The International Monetary Fund building on Pennsylvania Avenue in Washington, D.C. (Photo courtesy AgnosticPreachersKid/Wikimedia Commons)
Korea has been picked as one of the countries along with Australia and Canada to deal best with the impact from the Fed’s exit strategy from quantitative easing.
The International Monetary Fund (IMF) published a report on October 7 (local time), titled “Global Impact and Challenges of Unconventional Monetary Policy.” The report details three countries that are likely to receive little impact from the US Fed’s exit strategy that will be in progress in the form of reducing the bond purchase from US$85 billion a month. Unconventional Monetary Policy (UMP) can be defined as a series of economic stimulus measures, such as a central bank’s market intervention, to get out of a recession and cope with a low-interest trend.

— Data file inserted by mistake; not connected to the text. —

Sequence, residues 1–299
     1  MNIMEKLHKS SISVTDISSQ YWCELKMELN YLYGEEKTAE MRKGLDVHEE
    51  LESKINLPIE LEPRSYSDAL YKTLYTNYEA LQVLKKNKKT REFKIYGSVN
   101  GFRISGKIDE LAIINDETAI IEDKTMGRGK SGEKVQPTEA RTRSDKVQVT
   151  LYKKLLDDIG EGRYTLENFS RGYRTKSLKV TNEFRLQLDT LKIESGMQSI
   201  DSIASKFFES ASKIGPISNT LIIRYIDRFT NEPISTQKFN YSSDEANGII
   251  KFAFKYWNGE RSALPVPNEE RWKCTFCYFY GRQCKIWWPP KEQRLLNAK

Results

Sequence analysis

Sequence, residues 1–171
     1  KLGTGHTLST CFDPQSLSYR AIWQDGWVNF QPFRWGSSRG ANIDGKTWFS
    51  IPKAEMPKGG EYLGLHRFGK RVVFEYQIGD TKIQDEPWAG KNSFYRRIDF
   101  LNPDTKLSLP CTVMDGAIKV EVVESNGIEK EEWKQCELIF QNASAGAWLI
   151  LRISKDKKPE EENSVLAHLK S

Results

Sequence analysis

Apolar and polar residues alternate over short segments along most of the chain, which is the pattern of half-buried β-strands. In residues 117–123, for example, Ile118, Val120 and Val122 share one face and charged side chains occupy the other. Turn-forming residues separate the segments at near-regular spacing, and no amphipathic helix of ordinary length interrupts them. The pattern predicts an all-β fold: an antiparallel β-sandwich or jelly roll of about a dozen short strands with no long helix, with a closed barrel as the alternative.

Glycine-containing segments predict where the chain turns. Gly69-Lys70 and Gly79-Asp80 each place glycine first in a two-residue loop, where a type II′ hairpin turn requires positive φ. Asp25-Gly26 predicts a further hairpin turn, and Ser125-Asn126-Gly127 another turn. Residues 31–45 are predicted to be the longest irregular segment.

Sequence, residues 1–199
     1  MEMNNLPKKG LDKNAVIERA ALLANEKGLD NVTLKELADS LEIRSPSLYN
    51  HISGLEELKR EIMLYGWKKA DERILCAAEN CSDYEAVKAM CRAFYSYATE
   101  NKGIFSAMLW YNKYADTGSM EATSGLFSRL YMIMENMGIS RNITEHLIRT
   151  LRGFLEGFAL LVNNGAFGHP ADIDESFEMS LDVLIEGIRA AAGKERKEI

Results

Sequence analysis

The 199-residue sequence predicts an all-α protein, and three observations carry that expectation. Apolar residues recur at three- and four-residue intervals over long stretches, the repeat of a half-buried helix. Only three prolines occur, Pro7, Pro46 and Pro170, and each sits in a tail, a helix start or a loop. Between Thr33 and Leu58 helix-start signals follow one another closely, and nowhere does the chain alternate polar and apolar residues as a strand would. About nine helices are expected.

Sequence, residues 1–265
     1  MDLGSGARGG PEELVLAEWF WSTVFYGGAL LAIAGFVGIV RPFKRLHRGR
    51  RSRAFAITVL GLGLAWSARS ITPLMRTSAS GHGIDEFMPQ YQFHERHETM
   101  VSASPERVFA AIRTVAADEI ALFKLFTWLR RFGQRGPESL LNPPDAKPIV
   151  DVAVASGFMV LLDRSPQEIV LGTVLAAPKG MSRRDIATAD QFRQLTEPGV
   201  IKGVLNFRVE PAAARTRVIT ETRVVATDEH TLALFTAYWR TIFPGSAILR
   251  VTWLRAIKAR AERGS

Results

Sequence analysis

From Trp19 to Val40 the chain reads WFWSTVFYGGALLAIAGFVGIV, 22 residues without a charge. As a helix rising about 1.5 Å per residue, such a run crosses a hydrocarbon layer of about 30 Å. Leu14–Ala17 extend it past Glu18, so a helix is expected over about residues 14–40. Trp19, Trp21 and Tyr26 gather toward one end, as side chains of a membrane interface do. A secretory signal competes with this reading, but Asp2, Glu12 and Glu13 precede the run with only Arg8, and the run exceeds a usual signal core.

At this time, the IMF analyzed various countries’ exposure and resilience to determine the impact of the exit strategy on economies not subject to the UMP. Exposure has to do with market volatility and capital outflow, and resilience is about the capability of enduring such factors.
Korea achieved a high score on the exposure side. Specifically, the inflow of the US dollar into Korea stood at US$44 billion in the first quarter of this year, when the bond purchase by the Fed increased to US$85 billion, to remain below average since 2000. This means that the Fed’s expansionary policy has little effect on capital flow into and out of Korea.